The NJHIT approach is to interact with landowners, farmers, and managers
whose land management goals overlap with NJHIT conservation goals
and to channel the resources of conservation incentive programs onto
their properties. Grassland habitat management is relatively simple.
First, you need grass. The larger the area the better, but a few of
the rarer grassland bird species like bobolink and eastern meadowlark
have been found to occupy fields as small as 10 acres. Once you have
grass, you need to leave it alone during the birds' nesting season
(generally accepted to run between April 1 and July 15). Mowing and
haying within that period destroys ground nests and the young birds
inside them. It can also condition adult birds to avoid those areas
that would otherwise serve as fine habitat if not so intensively managed.
Avoiding mowing and haying during the nesting season is the simplest
way to accommodate grassland nesters.
It isn't a complicated strategy, but farmland is a precious
commodity and little goes to waste. With rent and taxes as high
as they are, farmers need to maximize their productivity on
every acre; large-lot farmers especially do not always have
the flexibility to leave grasses standing during that fruitful
April-July period. Incentive programs were created to give landowners
and operators that flexibility to practice natural resource-friendly
management that otherwise would not be economically attractive
or even feasible.
There are now several incentive programs that place grassland
habitat management as a top priority, and since 2005, the New
Jersey Habitat Incentive Team has helped bring them together
in a clever pooling of resources that makes an impact greater
than the sum of its parts. The programs NJHIT promotes can give
both technical and financial assistance to those wishing to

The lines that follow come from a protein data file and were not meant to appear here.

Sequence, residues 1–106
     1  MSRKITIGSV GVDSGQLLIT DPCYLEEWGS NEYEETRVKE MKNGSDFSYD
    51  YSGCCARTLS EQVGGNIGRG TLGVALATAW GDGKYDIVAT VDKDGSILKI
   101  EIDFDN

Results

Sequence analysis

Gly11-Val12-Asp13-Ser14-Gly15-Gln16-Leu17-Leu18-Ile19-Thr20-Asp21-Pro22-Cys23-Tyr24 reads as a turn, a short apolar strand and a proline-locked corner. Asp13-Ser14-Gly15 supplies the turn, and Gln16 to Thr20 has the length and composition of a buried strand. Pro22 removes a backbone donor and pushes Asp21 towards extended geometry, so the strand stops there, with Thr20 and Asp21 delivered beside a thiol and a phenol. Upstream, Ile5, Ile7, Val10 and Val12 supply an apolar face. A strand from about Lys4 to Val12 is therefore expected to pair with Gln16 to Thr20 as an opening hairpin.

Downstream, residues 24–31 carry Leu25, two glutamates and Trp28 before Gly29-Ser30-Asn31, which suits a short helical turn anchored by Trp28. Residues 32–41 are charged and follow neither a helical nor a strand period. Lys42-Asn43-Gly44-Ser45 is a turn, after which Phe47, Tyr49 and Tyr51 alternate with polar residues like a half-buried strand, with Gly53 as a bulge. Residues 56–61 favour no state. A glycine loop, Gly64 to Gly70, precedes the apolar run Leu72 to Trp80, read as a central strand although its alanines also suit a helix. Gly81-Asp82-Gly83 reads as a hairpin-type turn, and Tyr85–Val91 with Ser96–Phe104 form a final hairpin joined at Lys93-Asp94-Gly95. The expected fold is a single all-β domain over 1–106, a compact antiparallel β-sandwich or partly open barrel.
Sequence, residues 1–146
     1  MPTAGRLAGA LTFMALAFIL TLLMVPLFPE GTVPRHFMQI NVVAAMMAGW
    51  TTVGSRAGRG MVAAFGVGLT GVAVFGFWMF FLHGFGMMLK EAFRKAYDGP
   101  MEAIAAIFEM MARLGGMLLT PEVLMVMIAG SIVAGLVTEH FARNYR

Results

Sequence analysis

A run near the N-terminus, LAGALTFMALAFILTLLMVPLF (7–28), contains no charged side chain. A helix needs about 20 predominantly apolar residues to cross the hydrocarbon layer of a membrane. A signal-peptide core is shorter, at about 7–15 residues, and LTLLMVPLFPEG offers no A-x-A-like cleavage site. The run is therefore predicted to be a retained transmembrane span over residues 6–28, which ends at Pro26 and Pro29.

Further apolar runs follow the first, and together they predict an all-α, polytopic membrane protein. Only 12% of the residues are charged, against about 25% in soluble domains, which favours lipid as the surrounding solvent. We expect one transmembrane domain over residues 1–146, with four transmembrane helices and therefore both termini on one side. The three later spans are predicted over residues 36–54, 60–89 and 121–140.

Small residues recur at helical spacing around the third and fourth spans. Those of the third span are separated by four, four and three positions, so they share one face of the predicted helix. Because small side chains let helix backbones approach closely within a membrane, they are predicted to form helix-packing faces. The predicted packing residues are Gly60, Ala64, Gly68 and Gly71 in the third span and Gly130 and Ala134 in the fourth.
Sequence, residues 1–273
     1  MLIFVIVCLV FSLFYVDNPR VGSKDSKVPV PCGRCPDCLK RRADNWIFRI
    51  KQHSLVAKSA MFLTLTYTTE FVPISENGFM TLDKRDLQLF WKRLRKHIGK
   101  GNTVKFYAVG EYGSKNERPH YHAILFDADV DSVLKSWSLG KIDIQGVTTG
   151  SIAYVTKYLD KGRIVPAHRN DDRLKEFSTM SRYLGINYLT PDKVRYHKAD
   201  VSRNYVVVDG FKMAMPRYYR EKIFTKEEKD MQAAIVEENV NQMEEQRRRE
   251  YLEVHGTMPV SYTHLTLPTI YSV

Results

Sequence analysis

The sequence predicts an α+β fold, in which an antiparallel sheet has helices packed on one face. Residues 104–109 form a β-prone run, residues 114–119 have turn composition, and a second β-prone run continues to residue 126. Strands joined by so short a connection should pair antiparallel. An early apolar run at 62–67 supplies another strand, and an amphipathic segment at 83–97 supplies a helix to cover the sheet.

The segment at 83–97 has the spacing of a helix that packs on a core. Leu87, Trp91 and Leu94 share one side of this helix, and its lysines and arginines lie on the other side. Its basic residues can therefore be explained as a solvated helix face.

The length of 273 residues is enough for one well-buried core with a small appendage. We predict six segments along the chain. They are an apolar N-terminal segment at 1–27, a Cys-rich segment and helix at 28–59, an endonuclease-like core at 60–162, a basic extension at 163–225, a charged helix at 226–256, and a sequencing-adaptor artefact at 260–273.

manage grasslands for wildlife. The three-year-old Landowner
Incentive Program (LIP), administered by the NJDEP's Division
of Fish & Wildlife, is a relative newcomer to the scene. LIP
actually makes rental payments to guarantee that no mowing takes
place during the bird nesting season on enrolled grasslands.
These rental payments are meant to offset revenues that could
have been earned by earlier or repeated mowing and haying, or
by row-cropping of large properties.
The rental payments make LIP an appealing choice to those interested
in the conservation. However, there is a limit on how much management
the program can accomplish with its available funding. To spread its
dollars further, LIP combined resources with two other programs that
offer all of the same benefits minus the rent - the USDA Natural Resources
Conservation Service's Wildlife
Habitat Incentives Program (WHIP) and the US Fish and Wildlife
for Fish & Wildlife (Partners) program. Together, these organizations
and their programs make up a power trio that helped to seed more than
600 acres of native grasses over the past two years and to manage
about 1,300 total grassland acres across the state. This is over and
above the individual accomplishments of WHIP and Partners.
The NJHIT partnership represents a thoughtful and unified effort
to protect and manage one of the state and country's most declining
habitat types. In the two years since its inception, the New Jersey
Habitat Incentive Team has gained a momentum and membership that should
continue to bring sound grassland management and positive results
for the species whose futures depend on it.
The conservation programs mentioned in this article can help improve
& manage habitat for many of NJ's rare wildlife, not just grassland
birds. For more information on these programs
visit the web pages of the habitat incentive programs listed below:
Landowner Incentive Program (NJDEP DFW): www.njfishandwildlife.com/ensp/lip_prog.htm
Partners for Fish & Wildlife (US Fish and Wildlife Service): http://partners.fws.gov/
Wildlife Habitat Incentives Program and others (USDA NRCS): www.nrcs.usda.gov/programs/
ATTENTION! The state's Landowner Incentive Program (LIP) is accepting applications for remaining funds. The deadline for applying is July 15, 2010, so apply now!